So, I set out one Friday after working in the office to go out into the ‘field’, as anthropologists like to call it. After a one and a half hour drive, including of getting lost and roaming a number of country roads before getting to the right intersection, I found myself in this little resurrection of a Samoan Island (maybe I am exaggerating: the sun was shining but the island feeling was all due to the people, since the lake -- pretty though it was -- could not quite resemble sandy beaches framed by palm trees, but I digress…). Friday evening was in many ways like the quiet before the storm. I arrived as an outsider and took to chatting with the organisers of the festival, with whom I had been in contact before. As I was told about the history of the Samoa festival and how it has grown out of the initiative of a few core people, I observed how everyone around me seemed to be returning to a space where people knew each other, regardless of the actual place we were in. Preparations for the following day got underway and, drinking ‘Becks Pilsner’, the Samoans and -- as I had expected -- also some Tongans, Fijians and other Pacific Islanders with their spouses (many of whom are German) settled down at the tables to catch up on their kids and life in general.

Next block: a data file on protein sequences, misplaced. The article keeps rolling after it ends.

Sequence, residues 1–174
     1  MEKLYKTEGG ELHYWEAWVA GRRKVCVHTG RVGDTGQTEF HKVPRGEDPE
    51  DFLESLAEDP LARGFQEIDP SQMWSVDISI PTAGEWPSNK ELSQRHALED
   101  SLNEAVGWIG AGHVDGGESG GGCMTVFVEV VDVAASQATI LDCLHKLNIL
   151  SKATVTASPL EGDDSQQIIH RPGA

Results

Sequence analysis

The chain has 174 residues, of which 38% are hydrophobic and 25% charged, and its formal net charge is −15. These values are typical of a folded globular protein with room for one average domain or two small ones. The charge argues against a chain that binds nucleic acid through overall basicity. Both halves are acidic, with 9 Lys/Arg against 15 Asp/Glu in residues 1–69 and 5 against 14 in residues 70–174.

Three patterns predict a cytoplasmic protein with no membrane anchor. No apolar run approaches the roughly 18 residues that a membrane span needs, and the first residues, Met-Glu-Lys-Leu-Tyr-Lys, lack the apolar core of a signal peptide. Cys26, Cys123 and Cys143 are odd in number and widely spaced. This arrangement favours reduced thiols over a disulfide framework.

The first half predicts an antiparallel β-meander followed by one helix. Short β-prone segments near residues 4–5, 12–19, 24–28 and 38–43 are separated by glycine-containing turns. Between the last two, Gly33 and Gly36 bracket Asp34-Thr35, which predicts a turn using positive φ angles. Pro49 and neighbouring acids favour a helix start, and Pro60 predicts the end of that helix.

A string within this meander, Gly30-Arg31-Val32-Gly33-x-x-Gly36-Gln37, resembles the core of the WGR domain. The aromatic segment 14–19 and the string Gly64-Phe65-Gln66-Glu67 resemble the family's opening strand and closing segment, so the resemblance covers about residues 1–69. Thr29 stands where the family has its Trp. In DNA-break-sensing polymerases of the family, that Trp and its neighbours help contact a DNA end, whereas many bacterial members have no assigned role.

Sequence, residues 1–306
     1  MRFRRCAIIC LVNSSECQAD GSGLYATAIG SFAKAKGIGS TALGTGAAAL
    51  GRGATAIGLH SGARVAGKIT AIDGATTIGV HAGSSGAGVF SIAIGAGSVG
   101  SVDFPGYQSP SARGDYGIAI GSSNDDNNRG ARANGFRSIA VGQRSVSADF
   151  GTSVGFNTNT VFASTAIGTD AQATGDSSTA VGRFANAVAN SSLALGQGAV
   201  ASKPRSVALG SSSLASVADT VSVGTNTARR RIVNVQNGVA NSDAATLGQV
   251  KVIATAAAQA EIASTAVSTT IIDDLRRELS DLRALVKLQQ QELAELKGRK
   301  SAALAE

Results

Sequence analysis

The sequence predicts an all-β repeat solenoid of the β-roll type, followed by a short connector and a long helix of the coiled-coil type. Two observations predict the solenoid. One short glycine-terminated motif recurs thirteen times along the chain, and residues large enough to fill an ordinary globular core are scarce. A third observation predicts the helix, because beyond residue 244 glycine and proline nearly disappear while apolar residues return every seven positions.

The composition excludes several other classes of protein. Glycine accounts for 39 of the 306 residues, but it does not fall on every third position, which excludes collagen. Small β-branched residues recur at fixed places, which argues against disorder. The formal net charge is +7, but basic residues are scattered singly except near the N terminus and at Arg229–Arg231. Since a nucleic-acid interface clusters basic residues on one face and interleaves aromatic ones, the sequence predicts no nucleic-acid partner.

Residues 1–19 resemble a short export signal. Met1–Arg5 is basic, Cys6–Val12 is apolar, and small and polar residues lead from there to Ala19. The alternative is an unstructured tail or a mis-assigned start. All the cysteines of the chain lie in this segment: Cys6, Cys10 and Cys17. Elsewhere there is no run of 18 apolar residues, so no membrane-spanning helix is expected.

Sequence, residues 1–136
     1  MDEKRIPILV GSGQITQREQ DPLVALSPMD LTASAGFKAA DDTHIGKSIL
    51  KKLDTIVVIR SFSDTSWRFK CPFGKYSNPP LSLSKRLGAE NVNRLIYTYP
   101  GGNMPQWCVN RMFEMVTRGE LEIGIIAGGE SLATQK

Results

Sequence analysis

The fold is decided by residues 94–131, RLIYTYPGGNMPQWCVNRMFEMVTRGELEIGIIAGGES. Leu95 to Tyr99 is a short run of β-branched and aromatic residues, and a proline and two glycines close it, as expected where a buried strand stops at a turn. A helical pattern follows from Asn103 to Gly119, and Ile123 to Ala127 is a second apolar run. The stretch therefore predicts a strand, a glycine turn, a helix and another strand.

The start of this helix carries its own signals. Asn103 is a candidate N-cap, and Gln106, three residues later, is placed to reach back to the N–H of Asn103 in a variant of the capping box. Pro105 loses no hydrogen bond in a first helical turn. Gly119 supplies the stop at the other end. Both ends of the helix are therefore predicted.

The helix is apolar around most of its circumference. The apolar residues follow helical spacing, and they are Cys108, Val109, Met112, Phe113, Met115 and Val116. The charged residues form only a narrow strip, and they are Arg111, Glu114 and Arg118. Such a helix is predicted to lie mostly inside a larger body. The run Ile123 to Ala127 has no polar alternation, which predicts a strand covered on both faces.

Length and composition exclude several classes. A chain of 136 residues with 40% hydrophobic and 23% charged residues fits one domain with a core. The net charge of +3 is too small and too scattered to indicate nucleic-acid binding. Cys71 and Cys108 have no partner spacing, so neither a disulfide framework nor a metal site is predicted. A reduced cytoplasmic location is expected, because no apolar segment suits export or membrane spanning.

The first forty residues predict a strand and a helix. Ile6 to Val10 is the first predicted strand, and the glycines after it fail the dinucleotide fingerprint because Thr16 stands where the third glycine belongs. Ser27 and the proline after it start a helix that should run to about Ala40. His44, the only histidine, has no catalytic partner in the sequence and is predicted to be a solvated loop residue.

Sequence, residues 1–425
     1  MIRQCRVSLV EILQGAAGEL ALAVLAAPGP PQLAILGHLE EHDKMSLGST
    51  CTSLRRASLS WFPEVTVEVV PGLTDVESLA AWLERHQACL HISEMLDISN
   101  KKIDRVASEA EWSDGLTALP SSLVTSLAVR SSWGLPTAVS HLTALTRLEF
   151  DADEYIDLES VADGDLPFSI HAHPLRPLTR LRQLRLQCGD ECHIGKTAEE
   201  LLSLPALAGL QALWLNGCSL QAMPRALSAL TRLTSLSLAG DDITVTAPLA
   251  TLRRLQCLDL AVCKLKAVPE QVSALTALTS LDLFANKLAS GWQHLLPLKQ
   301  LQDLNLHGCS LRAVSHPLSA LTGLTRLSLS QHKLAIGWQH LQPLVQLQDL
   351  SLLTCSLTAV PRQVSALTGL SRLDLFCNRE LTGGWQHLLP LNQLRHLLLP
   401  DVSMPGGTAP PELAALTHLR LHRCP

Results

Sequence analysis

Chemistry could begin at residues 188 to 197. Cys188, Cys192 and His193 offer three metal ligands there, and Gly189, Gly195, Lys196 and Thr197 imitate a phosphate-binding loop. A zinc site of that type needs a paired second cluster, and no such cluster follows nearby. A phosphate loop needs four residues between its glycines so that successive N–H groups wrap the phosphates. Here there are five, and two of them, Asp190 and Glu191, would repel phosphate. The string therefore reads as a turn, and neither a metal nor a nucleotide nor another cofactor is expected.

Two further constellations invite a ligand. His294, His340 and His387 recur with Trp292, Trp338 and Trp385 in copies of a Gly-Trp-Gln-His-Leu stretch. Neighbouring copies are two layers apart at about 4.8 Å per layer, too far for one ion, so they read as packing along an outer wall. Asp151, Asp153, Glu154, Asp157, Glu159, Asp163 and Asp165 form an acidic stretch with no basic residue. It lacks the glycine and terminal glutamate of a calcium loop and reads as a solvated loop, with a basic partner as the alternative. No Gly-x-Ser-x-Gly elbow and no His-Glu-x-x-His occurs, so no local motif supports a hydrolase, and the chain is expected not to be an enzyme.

The following day was packed with events and in many ways a display of cultural heritage to those bystanders interested in finding out about Samoan culture but also for all the participants and Pacific Islanders who had travelled to Silbersee for that day. There was a lot of dancing, good dancing, with the main act being a French group from the Wallis and Fortuna Islands. There also was food -- a lot of food -- specially prepared and including two pigs cooked in a traditional umu oven (see picture). All in all it was a spread: there was a cava ceremony in honour of a special guest, the Samoan High Commissioner, speeches and a routine prayer. Again I found observation intriguing: the groups of mixed background dancers getting ready for their performances; the way friends who hadn’t seen each other in some time were standing at the fringes of the action and talking to each other, only to disperse into the hustle and bustle and then return in different configurations of conversation partners. In many ways the interactions were similar to those of the day before, just that there was a very interesting programme going on in the middle of the scene. All day long, while talking to people and learning a few stories of why people were attending the festival, I could not stop but wonder: what should I expect to find with my own research concerning the specificity of locality, the draw of the super-diverse city and the role of day-to-day social networks? Based on these specially arranged meetings and festivals (the Samoa festival being just one of a number of festivities taking place throughout each summer) how does socialising differ when everyone has returned to the respective cities, towns or villages where each of them lives (only few of the Pacific Islanders I talked to seemed to based in the same location)? I could not help but think that the festival in some regards was a space for ‘re-union’, which seems to support my notion that those day-to-day post-migration networks are more locally bound with a pinch (or more) of transnational connections. I guess I will only be able to grasp the particularities of these once I get going with my main research ... but the story of how I went to the Samoa Festival to learn about, observe, and meet Pacific Islanders living in Europe will continue to stay at the back of my mind.